Written by: Bill Anderson
Vaughan Williams’s Symphony No.5 conducted by the composer on 3 September 1952
Third Movement ‘Romanza’
Somm CD release vs. private CD-R copy
In the commercial CD-release, Somm’s notes mention that the release is the first ever of this particular recording. Unauthorized copies purporting to be this performance have been circulated for years, but according to Somm:
“… it does not contain the same performance – in fact it is markedly different and interpretatively quite unlike what we know about Vaughan Williams’s conducting style from his other recordings. Even if the origin of Eric Spain’s recording” (the acetate original that is the source of Somm’s release) “was unknown there could be no doubt which was the real thing…”
In light of that (and other comments) I wanted to compare the Somm release to my private copy of the performance. That private copy was from a CD-R sourced from reel-to-reel tape.
That initial CD-R had a number of problems. The record surfaces were very worn, it was not pitched correctly, and a very loud 9kHz whistle existed, most likely from the original AM radio transmission. Additionally, the first 18 seconds of the third movement ‘Romanza’ was missing. It is assumed that it was either not recorded or was on a damaged part of the original disc.
For my copy, I re-pitched all the movements, using Boult’s mono Decca recording as a basis of comparison. Narrow notch filters were used to decrease, though not eliminate, the whistle. The Boult performance was also used to patch in the beginning of the ‘Romanza’, with equalization performed to get it closer to the sound of the RVW performance. Surface noise from the original discs was mixed in to make the transition less jarring. Some spot de-clicking was done by hand to eliminate the most serious surface gouges. No other restoration work was performed on that file until this time.
On my request, Peter Joelson created an mp3 file of an extract of the Somm ‘Romanza’ movement. When I received the file, I translated it back into a mono wav format to compare to my private issue. While listening to the file, I noticed that it, too, had a patch at the beginning of the movement. That patch cross-faded into the rest of the file, but at 26 seconds (vs. 18 seconds on my file)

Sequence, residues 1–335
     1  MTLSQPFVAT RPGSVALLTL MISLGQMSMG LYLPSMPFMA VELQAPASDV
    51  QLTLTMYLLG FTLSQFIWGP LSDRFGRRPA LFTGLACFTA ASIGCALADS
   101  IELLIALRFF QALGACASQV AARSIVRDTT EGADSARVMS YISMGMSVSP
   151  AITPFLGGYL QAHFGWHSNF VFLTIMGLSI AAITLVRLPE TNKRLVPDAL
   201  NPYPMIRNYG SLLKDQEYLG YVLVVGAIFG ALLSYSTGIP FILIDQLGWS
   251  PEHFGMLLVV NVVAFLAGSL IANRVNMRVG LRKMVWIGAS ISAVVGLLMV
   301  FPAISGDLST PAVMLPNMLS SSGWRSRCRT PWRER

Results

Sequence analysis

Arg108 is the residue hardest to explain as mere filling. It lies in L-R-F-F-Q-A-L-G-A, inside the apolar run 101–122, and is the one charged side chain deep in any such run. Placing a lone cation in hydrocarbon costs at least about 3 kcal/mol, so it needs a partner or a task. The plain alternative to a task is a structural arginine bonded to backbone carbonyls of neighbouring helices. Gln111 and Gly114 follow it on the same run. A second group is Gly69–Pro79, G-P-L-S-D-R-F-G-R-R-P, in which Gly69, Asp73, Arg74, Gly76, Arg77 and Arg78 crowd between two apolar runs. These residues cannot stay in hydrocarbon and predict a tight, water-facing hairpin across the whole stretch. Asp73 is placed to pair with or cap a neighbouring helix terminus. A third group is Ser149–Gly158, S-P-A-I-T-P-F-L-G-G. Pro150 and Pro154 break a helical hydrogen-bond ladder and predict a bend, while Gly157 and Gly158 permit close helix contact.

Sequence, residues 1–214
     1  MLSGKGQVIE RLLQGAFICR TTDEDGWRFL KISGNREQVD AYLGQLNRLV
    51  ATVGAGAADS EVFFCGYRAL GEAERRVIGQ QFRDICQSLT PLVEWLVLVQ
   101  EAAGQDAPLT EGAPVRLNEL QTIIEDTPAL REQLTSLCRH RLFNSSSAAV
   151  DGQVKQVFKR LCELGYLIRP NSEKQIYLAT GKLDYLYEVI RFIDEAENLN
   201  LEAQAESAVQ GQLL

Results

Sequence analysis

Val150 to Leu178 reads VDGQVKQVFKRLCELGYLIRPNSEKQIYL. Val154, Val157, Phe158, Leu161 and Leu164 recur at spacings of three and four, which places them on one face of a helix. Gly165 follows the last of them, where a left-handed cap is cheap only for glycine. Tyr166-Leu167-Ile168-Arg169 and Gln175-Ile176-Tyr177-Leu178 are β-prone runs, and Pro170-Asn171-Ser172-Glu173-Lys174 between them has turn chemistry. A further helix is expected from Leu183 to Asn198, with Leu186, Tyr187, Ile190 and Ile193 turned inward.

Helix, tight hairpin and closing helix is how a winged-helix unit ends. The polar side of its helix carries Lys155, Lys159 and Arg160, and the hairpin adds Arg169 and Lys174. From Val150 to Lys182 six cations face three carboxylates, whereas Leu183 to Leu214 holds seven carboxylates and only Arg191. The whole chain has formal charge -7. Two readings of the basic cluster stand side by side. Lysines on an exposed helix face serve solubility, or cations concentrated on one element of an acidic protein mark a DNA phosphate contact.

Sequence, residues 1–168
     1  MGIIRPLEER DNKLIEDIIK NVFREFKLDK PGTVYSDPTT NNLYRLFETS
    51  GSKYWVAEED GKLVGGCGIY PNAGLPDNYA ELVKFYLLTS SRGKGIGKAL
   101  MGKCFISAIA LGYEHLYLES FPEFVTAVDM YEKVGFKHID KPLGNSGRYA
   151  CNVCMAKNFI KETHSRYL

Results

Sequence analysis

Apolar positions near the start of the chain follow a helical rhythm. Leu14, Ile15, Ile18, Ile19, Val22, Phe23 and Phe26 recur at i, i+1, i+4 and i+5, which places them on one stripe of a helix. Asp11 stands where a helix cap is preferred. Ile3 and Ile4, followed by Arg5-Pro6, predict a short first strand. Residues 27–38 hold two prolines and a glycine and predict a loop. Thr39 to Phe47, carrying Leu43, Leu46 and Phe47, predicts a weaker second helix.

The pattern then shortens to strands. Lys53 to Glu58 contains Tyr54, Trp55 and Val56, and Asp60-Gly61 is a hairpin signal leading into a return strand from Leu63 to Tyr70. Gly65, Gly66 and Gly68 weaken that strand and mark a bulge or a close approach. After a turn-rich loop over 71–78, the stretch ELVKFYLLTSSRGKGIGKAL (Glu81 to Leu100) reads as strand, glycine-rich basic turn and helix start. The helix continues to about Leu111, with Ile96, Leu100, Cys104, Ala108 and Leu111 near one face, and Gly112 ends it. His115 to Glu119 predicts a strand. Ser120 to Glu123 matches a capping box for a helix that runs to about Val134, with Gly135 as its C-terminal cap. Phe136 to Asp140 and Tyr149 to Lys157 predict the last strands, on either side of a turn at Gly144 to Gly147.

The first thing I did was to look at the wav files. Pulling up both files within my DC7 (Diamond Cut Audio Restoration Tool) software, the much noisier private copy (top in yellow) can be seen in comparison to the Somm file (bottom in gray):
The surface noise present in the private issue, made a direct compare difficult. Even so, the general outline of the wave forms were similar, as were the timings:
Source and time
Private CD: 9min 57sec
Somm CD: 9min 59sec
(Note: times shown are for music performance only – run ins and run outs are ignored)
To make listening of the private issue a bit less distracting, I ran my Algorithmix Scratchfree program to damp down the surface noise:
Listening to several samples in both files I was struck by the high frequencies in the private issue that did not exist in the Somm. I ran the spectrum analyzer on both files and compared the results:
Private issue (before further filtering)
SOMM issue, near the same passage
As can be seen, the Somm has a deep and wide filter at approximately 9 kHz, the same frequency as the AM radio whistle noted in the private CD-R. But there was also an unusual drop off at around 17kHz.
Several attempts were made to match the curve of the Somm: Through trial and error, the high frequency roll-offs were emulated in the private CD file using the filters seen below. Note the notch filter in the Paragraphic Equalizer had to be run twice to match the effects heard in the Somm file. The ’brick wall’ filter seen below approximates that steep drop off near 17kHz. Low end noise was rolled off using the final filter.